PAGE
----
Chaim Bloom, president of baseball operations of the Boston Red Sox, looks on ahead of the game against the Texas Rangers at Fenway Park in Boston, Massachusetts, July 4, 2023. /CFP
The Boston Red Sox have fired Chief Baseball Officer Chaim Bloom, who had been working in the position for nearly four seasons, the team announced on Thursday.
"While parting ways is not taken lightly, today signals a new direction for our club," Red Sox principle owner John Henry said in a statement. "Our organization has significant expectations on the field, and while Chaim's efforts in revitalizing our baseball infrastructure have helped set the stage for the future, we will today begin a search for new leadership."
Bloom was hired before the 2020 campaign, and the team has not been performing well in the four seasons since then. They only made the playoffs once in 2021 and lost 4-2 to the Houston Astros in the American League (AL) Championship Series.
Currently, the Red Sox are 74-74 and at the bottom of the AL East, 17.5 games behind division leader Baltimore Orioles and already out of the AL Wild Card race with 14 games to go.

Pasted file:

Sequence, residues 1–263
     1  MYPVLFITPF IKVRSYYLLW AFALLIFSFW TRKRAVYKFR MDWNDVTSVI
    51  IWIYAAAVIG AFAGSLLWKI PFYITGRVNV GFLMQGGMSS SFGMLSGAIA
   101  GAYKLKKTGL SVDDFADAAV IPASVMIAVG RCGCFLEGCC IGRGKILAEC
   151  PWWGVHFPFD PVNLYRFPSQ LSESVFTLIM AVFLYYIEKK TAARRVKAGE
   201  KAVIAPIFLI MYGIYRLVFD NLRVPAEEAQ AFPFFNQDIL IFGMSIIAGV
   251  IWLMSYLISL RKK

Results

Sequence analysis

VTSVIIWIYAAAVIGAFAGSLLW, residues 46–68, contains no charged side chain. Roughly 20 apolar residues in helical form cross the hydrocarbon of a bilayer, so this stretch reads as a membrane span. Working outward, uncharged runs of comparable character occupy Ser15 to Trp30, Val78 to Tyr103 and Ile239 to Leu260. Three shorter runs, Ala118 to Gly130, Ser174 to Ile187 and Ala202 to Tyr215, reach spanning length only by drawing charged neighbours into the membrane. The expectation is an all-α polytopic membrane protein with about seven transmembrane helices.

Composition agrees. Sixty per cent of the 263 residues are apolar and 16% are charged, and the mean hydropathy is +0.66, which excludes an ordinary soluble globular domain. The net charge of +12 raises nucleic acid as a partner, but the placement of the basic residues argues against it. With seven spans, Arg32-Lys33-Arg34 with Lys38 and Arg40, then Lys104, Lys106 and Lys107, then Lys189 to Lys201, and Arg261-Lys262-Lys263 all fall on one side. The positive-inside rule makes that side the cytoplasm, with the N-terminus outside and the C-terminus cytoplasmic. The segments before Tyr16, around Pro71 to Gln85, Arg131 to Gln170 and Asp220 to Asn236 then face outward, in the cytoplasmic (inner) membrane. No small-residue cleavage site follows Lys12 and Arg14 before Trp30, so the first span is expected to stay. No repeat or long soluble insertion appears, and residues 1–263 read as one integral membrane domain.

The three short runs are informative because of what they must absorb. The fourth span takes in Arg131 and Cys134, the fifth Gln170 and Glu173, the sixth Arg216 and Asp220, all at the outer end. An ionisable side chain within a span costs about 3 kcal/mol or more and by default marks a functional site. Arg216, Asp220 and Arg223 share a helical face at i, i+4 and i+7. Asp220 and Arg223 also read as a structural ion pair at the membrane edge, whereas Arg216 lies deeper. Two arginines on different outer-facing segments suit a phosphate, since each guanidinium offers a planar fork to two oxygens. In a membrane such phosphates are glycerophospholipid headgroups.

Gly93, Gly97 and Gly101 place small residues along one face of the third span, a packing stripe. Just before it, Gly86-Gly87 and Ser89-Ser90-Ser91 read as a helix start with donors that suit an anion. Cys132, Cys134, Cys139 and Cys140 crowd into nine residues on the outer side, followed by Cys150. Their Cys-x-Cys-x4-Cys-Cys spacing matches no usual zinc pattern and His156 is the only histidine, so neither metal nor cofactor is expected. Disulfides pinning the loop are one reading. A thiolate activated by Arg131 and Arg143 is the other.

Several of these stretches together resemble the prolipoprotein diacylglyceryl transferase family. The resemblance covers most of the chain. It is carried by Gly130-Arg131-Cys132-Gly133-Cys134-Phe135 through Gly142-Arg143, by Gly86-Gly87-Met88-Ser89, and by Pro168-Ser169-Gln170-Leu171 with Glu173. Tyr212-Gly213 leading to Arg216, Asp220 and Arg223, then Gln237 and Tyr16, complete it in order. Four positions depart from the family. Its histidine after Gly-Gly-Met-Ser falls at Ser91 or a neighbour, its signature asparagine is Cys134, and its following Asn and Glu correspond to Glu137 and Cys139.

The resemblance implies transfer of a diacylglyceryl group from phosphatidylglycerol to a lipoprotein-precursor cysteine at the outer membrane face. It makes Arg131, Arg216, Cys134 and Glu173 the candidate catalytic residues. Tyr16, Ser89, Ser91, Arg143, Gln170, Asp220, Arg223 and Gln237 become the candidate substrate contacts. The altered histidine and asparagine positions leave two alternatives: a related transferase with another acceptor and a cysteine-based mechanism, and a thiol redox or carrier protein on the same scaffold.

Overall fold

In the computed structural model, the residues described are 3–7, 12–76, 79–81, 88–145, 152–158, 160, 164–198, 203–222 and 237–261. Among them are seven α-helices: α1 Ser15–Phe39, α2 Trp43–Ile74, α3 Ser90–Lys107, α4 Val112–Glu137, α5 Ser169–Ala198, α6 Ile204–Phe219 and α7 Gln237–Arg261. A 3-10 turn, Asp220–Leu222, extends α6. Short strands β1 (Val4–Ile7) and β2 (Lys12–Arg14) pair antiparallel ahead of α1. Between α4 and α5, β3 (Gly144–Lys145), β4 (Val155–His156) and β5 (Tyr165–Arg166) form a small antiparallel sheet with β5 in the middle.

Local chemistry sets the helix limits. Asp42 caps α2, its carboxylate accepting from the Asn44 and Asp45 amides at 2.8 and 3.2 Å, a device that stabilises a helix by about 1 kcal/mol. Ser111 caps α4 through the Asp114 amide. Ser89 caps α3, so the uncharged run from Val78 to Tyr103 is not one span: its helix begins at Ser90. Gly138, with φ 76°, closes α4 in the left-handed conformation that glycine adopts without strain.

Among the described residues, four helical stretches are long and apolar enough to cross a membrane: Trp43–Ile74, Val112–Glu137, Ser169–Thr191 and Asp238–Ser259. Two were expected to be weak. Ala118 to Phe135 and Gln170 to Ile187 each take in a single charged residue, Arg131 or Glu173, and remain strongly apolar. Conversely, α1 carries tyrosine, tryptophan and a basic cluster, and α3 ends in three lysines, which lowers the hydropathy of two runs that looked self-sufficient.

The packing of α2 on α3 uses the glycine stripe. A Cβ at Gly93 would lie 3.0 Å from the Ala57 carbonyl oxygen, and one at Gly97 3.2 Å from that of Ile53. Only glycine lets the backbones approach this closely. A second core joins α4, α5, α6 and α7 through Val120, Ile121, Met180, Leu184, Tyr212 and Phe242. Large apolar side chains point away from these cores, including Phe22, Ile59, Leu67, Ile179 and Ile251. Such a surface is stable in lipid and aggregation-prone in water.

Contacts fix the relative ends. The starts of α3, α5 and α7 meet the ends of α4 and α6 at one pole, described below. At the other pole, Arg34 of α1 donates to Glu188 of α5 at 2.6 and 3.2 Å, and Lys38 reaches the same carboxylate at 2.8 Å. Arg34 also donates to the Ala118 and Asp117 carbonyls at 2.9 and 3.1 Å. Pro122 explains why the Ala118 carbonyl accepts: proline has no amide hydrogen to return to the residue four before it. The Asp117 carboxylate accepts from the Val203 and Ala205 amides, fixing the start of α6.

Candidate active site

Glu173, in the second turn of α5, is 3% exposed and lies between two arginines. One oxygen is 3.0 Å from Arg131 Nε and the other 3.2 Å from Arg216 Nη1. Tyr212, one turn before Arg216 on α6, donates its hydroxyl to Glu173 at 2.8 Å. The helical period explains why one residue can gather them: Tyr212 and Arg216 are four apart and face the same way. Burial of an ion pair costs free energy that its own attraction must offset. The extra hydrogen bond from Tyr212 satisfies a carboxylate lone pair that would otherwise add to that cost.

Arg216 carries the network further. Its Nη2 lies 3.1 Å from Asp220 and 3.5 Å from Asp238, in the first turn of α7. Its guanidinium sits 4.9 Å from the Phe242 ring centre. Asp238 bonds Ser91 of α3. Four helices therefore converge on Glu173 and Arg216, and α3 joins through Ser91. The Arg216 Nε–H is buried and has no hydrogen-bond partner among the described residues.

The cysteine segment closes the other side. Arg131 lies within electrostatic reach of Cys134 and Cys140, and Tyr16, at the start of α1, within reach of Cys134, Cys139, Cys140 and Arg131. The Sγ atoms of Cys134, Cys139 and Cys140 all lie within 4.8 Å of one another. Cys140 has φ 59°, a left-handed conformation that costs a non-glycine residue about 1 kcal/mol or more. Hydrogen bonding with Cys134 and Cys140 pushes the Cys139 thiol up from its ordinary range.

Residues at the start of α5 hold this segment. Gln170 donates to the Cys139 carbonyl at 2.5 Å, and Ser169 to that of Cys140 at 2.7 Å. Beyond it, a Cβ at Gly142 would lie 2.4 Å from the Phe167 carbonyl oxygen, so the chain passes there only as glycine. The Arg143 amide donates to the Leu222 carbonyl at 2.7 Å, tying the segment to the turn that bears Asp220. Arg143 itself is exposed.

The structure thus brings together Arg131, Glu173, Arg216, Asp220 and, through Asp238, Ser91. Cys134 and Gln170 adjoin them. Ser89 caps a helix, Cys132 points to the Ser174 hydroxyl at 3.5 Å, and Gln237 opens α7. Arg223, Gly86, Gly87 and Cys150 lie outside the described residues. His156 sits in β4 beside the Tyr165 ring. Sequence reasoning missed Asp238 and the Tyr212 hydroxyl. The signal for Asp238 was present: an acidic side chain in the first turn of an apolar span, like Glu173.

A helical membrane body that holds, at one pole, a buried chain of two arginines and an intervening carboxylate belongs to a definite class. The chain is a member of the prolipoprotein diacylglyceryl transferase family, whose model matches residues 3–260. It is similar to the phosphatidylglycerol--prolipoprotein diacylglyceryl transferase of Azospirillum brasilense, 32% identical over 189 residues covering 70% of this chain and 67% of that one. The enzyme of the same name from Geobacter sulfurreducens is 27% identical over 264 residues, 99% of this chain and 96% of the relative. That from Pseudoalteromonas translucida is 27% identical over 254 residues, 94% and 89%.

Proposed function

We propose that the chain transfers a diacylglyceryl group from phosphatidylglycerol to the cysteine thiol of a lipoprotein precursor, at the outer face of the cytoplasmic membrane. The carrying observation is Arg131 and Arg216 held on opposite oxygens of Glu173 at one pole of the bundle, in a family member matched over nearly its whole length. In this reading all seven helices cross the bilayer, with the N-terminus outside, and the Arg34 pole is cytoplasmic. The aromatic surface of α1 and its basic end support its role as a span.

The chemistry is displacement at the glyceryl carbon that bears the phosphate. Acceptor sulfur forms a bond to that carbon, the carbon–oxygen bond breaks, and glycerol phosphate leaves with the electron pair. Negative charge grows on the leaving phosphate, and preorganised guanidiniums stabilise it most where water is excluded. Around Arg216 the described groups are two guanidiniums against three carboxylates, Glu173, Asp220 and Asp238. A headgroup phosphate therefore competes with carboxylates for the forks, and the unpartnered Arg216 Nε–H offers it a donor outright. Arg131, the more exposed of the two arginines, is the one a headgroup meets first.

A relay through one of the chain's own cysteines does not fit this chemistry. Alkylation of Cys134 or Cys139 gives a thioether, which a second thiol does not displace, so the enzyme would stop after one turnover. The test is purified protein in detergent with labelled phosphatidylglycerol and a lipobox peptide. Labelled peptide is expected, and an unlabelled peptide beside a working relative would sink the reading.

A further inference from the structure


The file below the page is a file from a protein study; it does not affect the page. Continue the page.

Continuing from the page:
Brayan Bello (L) of the Boston Red Sox pitches in the game against the Toronto Blue Jays at Rogers Centre in Toronto, Canada, September 15, 2023. /CFP
"Everyone who knows Chaim has a deep appreciation and respect for the kind of person he is. His time with us will always be marked by his professionalism, integrity, and an unwavering respect for our club and its legacy," Henry added in the statement.
Bloom's contribution to the Red Sox, especially in improving the team's farm system, is undeniable. However, his decision to trade Mookie Betts to the Los Angeles Dodgers in February 2020 still seems unforgiving to a lot of fans.
General manager Brian O'Halloran, who has been working for the Red Sox since 2002, was offered a new senior leadership position within the baseball operations department when Bloom was fired, according to The Athletic, but he has not accepted the offer yet.
"There's a lot that has to improve and that includes our on-field staff," Red Sox CEO Sam Kennedy said. "So the baseball operations leadership will come in with a mandate to run the department - all aspects of the department."